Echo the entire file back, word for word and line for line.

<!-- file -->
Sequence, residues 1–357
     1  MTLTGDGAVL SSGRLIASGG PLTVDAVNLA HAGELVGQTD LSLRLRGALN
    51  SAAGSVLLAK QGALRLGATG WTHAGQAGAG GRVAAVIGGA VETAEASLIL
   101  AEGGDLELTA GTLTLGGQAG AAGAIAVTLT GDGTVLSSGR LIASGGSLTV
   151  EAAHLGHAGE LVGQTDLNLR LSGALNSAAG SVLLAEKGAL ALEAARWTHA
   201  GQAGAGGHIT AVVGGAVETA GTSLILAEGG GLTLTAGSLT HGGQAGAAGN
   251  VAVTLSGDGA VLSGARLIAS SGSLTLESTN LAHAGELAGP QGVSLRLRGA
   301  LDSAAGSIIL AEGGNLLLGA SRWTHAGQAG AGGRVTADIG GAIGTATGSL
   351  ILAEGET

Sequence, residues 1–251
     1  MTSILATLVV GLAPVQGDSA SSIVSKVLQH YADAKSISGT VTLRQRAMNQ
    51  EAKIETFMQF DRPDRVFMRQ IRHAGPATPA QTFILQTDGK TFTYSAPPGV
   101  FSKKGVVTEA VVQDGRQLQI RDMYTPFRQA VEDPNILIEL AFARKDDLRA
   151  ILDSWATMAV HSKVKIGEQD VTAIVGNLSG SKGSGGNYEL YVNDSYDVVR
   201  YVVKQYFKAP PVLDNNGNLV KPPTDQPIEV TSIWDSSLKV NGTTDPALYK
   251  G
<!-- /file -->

Sequence, residues 1–357
     1  MTLTGDGAVL SSGRLIASGG PLTVDAVNLA HAGELVGQTD LSLRLRGALN
    51  SAAGSVLLAK QGALRLGATG WTHAGQAGAG GRVAAVIGGA VETAEASLIL
   101  AEGGDLELTA GTLTLGGQAG AAGAIAVTLT GDGTVLSSGR LIASGGSLTV
   151  EAAHLGHAGE LVGQTDLNLR LSGALNSAAG SVLLAEKGAL ALEAARWTHA
   201  GQAGAGGHIT AVVGGAVETA GTSLILAEGG GLTLTAGSLT HGGQAGAAGN
   251  VAVTLSGDGA VLSGARLIAS SGSLTLESTN LAHAGELAGP QGVSLRLRGA
   301  LDSAAGSIIL AEGGNLLLGA SRWTHAGQAG AGGRVTADIG GAIGTATGSL
   351  ILAEGET

Sequence, residues 1–251
     1  MTSILATLVV GLAPVQGDSA SSIVSKVLQH YADAKSISGT VTLRQRAMNQ
    51  EAKIETFMQF DRPDRVFMRQ IRHAGPATPA QTFILQTDGK TFTYSAPPGV
   101  FSKKGVVTEA VVQDGRQLQI RDMYTPFRQA VEDPNILIEL AFARKDDLRA
   151  ILDSWATMAV HSKVKIGEQD VTAIVGNLSG SKGSGGNYEL YVNDSYDVVR
   201  YVVKQYFKAP PVLDNNGNLV KPPTDQPIEV TSIWDSSLKV NGTTDPALYK
   251  G